Civil War

Charleston, South Carolina, 1865. Broad street, looking east with the ruins of Cathedral of St. John and St. Finbar.
Library of Congress; photographer unknown

South Carolina in the Civil War and Reconstruction Eras (USC Press, 2016) is an anthology of the most enduring and important scholarly articles about the Civil War and Reconstruction era published in the peer-reviewed journal Proceedings of the South Carolina Historical Association.

Dr. J. Brent Morris
USC Beaufort

In this final installment of public Conversations on South Carolina: The State and the New Nation, 1783-1828, Dr. Brent Morris, associate professor of history and chair of the humanities at the University of South Carolina-Beaufort, talks with Dr. Walter Edgar about the unification of the slave state in South Carolina from 1783 to 1828.

All Stations: Fri, Mar 10, 12 pm | News Stations: Sun, Mar 12, 4 pm

Dr. Lacy Ford
University of South Carolina

Join us for the third public conversation in a four-part series of Conversations on South Carolina: The State and the New Nation, 1783-1828. Dr. Lacy Ford, Dean, College of Arts & Sciences University of South Carolina and author of Origins of Southern Radicalism: The South Carolina Upcountry, 1800-1860 and Deliver Us from Evil: The Slavery Question in the Old South, will discuss the ideology and public policy of slavery in the American republic.

For the second lecture in this four-part series of Conversations on South Carolina: The State and the New Nation, 1783-1828, Dr. Larry Watson discusses slavery in South Carolina. Professor Watson is Associate Professor of History & Adjunct Professor of History South Carolina State University and the University of South Carolina. He is author of numerous articles on African American life in the American South.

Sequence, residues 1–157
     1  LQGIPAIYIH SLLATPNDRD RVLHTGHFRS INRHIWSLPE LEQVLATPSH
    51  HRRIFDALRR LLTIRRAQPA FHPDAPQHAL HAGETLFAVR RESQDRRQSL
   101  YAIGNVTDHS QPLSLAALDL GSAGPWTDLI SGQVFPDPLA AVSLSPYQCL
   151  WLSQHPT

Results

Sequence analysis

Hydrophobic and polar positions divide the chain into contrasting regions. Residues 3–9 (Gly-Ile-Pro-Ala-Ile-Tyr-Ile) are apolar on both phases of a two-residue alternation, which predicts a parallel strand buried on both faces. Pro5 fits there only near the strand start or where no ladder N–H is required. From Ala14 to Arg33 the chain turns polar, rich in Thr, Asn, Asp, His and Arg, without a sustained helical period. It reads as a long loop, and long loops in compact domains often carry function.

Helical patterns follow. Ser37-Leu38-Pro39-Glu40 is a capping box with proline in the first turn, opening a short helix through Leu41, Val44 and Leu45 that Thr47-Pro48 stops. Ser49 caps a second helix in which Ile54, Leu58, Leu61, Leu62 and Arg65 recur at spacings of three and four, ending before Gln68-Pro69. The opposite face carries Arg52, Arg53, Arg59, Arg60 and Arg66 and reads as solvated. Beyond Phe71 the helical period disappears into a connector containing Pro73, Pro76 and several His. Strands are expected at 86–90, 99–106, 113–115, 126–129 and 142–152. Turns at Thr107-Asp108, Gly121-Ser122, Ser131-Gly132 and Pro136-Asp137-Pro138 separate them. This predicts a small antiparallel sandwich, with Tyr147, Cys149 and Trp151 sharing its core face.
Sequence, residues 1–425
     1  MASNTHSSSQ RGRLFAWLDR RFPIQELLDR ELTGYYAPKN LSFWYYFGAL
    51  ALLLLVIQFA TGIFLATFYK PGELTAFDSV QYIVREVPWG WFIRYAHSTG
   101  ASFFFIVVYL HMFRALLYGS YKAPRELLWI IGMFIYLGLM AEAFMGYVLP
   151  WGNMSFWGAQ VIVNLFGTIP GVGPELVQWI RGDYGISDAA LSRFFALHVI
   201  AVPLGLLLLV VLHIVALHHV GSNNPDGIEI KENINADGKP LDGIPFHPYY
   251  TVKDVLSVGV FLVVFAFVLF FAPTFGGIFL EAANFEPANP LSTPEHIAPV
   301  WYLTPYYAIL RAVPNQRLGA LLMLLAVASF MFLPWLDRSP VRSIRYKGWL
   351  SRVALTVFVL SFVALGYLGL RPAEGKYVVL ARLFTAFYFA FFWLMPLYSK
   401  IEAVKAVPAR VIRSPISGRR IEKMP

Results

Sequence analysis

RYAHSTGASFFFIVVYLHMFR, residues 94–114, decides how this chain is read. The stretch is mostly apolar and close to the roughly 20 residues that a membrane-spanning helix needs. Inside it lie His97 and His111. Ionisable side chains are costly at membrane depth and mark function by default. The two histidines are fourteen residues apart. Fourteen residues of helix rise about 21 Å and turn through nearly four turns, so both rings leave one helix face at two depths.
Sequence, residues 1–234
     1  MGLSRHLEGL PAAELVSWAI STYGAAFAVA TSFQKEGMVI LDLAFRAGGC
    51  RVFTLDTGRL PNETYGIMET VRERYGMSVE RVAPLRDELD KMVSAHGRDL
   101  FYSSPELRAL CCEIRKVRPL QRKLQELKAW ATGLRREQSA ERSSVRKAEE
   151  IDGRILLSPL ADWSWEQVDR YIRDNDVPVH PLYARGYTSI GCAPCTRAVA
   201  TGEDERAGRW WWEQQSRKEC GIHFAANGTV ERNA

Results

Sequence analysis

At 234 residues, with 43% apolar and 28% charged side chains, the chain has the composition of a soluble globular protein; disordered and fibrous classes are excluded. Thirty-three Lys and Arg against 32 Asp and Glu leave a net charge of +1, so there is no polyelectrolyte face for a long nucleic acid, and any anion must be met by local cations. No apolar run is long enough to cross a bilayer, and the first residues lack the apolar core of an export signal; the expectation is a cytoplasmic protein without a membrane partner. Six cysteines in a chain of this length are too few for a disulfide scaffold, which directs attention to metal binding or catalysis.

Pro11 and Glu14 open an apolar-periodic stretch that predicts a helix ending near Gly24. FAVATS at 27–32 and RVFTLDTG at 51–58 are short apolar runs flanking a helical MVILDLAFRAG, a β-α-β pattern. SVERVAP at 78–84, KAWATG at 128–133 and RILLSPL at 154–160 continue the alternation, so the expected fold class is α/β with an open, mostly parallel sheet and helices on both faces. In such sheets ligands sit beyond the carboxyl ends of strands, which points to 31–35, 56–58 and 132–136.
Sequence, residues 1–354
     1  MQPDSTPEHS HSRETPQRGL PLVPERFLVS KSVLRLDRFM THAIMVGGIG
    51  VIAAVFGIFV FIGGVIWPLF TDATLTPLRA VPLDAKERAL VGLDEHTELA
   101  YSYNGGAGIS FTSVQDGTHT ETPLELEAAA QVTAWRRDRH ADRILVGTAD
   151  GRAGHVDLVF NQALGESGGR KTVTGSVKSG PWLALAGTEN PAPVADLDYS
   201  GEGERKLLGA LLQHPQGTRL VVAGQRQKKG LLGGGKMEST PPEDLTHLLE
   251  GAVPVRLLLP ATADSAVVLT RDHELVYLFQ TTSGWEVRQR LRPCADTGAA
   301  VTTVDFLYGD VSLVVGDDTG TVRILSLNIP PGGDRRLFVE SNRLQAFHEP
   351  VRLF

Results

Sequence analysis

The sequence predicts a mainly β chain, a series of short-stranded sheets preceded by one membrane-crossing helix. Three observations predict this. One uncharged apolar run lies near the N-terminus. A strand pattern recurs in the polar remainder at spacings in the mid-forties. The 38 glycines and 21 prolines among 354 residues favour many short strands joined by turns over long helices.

This series of public conversations is sponsored by the College of Arts and Sciences and the Southern Studies Institute at the University of South Carolina.

Peter Coclanis
University of North Carolina

Dr. Peter Coclanis, the Albert Ray Newsome Distinguished Professor & Director of the Global Research Institute at the University of North Carolina, Chapel Hill, joins Dr. Edgar for the first of a series of Conversations on South Carolina: The State and the New Nation, 1783-1828. Professor Coclanis, author of The Shadow of a Dream: Economic Life and Death in the South Carolina Low Country, 1670-1920, will discuss the importance of cotton to the state's economy.

Early American Flag
iStock

(Originally broadcast 04/08/16) -  Doug Bostick, of the South Carolina Battleground Preservation Trust, and Jim Lighthizer, President of the Civil War Trust, talk with Walter Edgar about their ongoing efforts to preserve important Revolutionary War sites in South Carolina. The trusts are currently working to obtain and preserve key portions of sites for the battles of the Battle of Hanging Rock and the Battle of the Waxhaws.

Dr. William J. Cooper, Jr.
Louisiana State University

  (Originally broadcast 02/07/15) -In an encore from the 2015 series, Conversations on the Civil War, sponsored by the University of South Carolina’s College of Arts and Humanities, William Cooper talks with Walter Edgar about the life of Jefferson Davis, an American soldier and politician who became president of the Confederate States of America. 

  "L" is for Longstreet, James Peter [1821-1904]. Soldier. Born in Edgefield District, Longstreet spent his formative years in Georgia and Alabama. After graduating from West Point, he had a successful army career, serving with distinction in the Mexican war and achieving the rank of major. In 1861, he resigned his US Army commission and joined the Confederate Army as a brigadier general. He distinguished himself as a superb military tactician and in 1862 Robert E. Lee made him his second in command.

Gettysburg

Jun 27, 2016
Dr. Mark M. Smith
University of South Carolina

  (Originally broadcast 07/05/13) - Dr. Mark Smith, Carolina Distinguished Professor of History at the University of South Carolina, takes part in this discussion of the battle of Gettysburg, which marked the beginning of the end of the Confederate States’ rebellion in the American Civil War.